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Bárðarbunga 2014 - November events

Seismic and volcanic events 1-30 November

30.11.2014

The November observations (pdf 0.89 Mb) of the Bárðarbunga seismic and volcanic events are given here with daily notes, factsheets and additional material. Information, day by day, is given in reversed order. In combination, the monthly articles give an overview of events: August, September, October, November, December, January, FebruaryMarch-April-May and the overview article (list of links).

Calendar

Below is a calendar with a short-cut to each day of this month's events:

Nov: 1-2-3-4-5-6-7-8-9-10-11-12-13-14-15-16-17-18-19-20-21-22-23-24-25-26-27-28-29-30-

Panoramic view towards the eruptive site in Holuhraun 3rd September 2014. Photo: Richard Yeo.

Updated information

30 November 2014 13:00 - from geoscientist on duty

Since 12:00 yesterday, 29 November, around 90 earthquakes have been detected within Bárðarbunga. Most of the recorded seismicity occurred on the northern side of the volcano's caldera. Similar to yesterday, hardly any earthquake activity was detected along the dyke intrusion.

Since yesterday's report, two earthquakes of magnitude 4.5 have been recorded. The first one at 04:16 today, followed by a second magnitude 4.5 earthquake at 08:11. Both earthquakes were sourced from the caldera of Bárðarbunga. An additional twenty earthquakes equal to or greater than magnitude 3 have been registered.

In comparison to the last 48 hours, the level of earthquake activity from the caldera is higher. Similar changes in earthquake rate have been observed several times since the unrest began at Bárðarbunga in mid August.

At the time of writing, there is a clear view of the eruption site from the Míla camera on Vaðalda. The last 24 hours of images show no obvious changes in the size or intensity of the eruption.

29 November 2014 - how the subsidence is monitored

Until recently, point measurements of the subsidence of the Bárðarbunga caldera were available in near real time as the IMO mounted a GPS station there, 12 September. This station has now subsided so much that it is out of sight of the neccessary relay station in Kverkfjöll and therefore no signal is received.

The subsidence of the Bárðarbunga caldera has also been observed by doing flights along a certain north-south section repeatedly. For convenience, the results are presented schematically, see below. The lower graph has a sixfold exaggeration of the vertical axis and on the upper one the difference in hight is multiplied by a factor of 120. The intention is not to make an image which resembles the volcano but to distinguish clearly and graphically between the results derived after each surveillance flight. Eight flight measurements are shown, from 5 September to 26 November 2014. The Institute of Earth Sciences makes these measurements and interprets the results. A comparison of the black line and the light blue one reveals that the subsidence has not only continued since September but also broadened, affecting a larger area.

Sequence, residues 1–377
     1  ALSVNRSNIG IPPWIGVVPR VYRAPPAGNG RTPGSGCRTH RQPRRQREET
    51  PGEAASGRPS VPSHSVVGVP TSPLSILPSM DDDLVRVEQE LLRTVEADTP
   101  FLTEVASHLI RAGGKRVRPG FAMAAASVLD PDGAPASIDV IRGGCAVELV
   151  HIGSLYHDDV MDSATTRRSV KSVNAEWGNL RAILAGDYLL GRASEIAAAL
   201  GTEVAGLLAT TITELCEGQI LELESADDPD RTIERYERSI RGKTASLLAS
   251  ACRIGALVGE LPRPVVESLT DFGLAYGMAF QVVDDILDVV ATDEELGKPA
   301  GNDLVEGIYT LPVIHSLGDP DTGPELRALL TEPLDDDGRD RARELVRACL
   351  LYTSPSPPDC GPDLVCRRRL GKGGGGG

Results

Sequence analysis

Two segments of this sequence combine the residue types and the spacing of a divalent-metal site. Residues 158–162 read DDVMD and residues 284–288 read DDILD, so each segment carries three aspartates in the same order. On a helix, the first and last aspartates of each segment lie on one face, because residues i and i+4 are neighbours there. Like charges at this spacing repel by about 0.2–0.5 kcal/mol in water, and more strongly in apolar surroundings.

Bárðarbunga subsidence
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The rate of subsidence in the centre of the caldera has decreased slowly but the subsided area has also broadened. The change in volume since the last measurement (4 Nov.) corresponds to a magmaflow of 130 m³/s. This is less than the first month, when the estimated flow was close to 200 m³/s. Institute of Earth Sciences, 27 November 2014.

29 November 2014 12:30 - from geoscientist on duty

Since 10:00 AM yesterday, 28 November, around 40 earthquakes have been detected within Bárðarbunga. Most of the recorded seismicity occurred on the northern side of the volcano's caldera. Hardly any earthquake activity was detected along the dyke intrusion.

The largest detected earthquake since yesterday's report registered magnitude 4.5. This earthquake occurred at 01:51 today on the northern side of the caldera, see earthquake maps. Of the 40 caldera earthquakes since 10:00 AM yesterday, five exceeded magnitude 4.

Overall, seismicity levels are slightly lower in recent days. Similar changes in earthquake rate have been observed several times since eruptive activity began on Holuhraun.

At the time of writing, there is a clear view of the eruption site from the Míla camera on Vaðalda. The last 24 hours of images show no obvious changes in the size or intensity of the eruption.

28 November 2014 - thermal images for SO2 assessment

Infrared cameras were developed by Nicarnica Aviation for the Futurevolc project. They are now undergoing further operational testing at Holuhraun, producing thermal images. One was placed at Vaðalda 20 Nov 2014, at a 20 km distance from the eruptive site.

I'll be watching you
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IR camera at Vaðalda, mounted 20 Nov 2014 by Richard Yeo and Hermann Arngrímsson.
Photo: Richard Yeo.

Thermal imaging is especially important in allowing scientists to monitor the eruptive plumes during nighttime. Although further software and mechanical improvements are still being developed by the camera manufacturer, the data from these instruments is already proving useful for the detection of SO2 emission from the eruption. A graded scale on the images helps in estimating the plume height and the SO2 release height.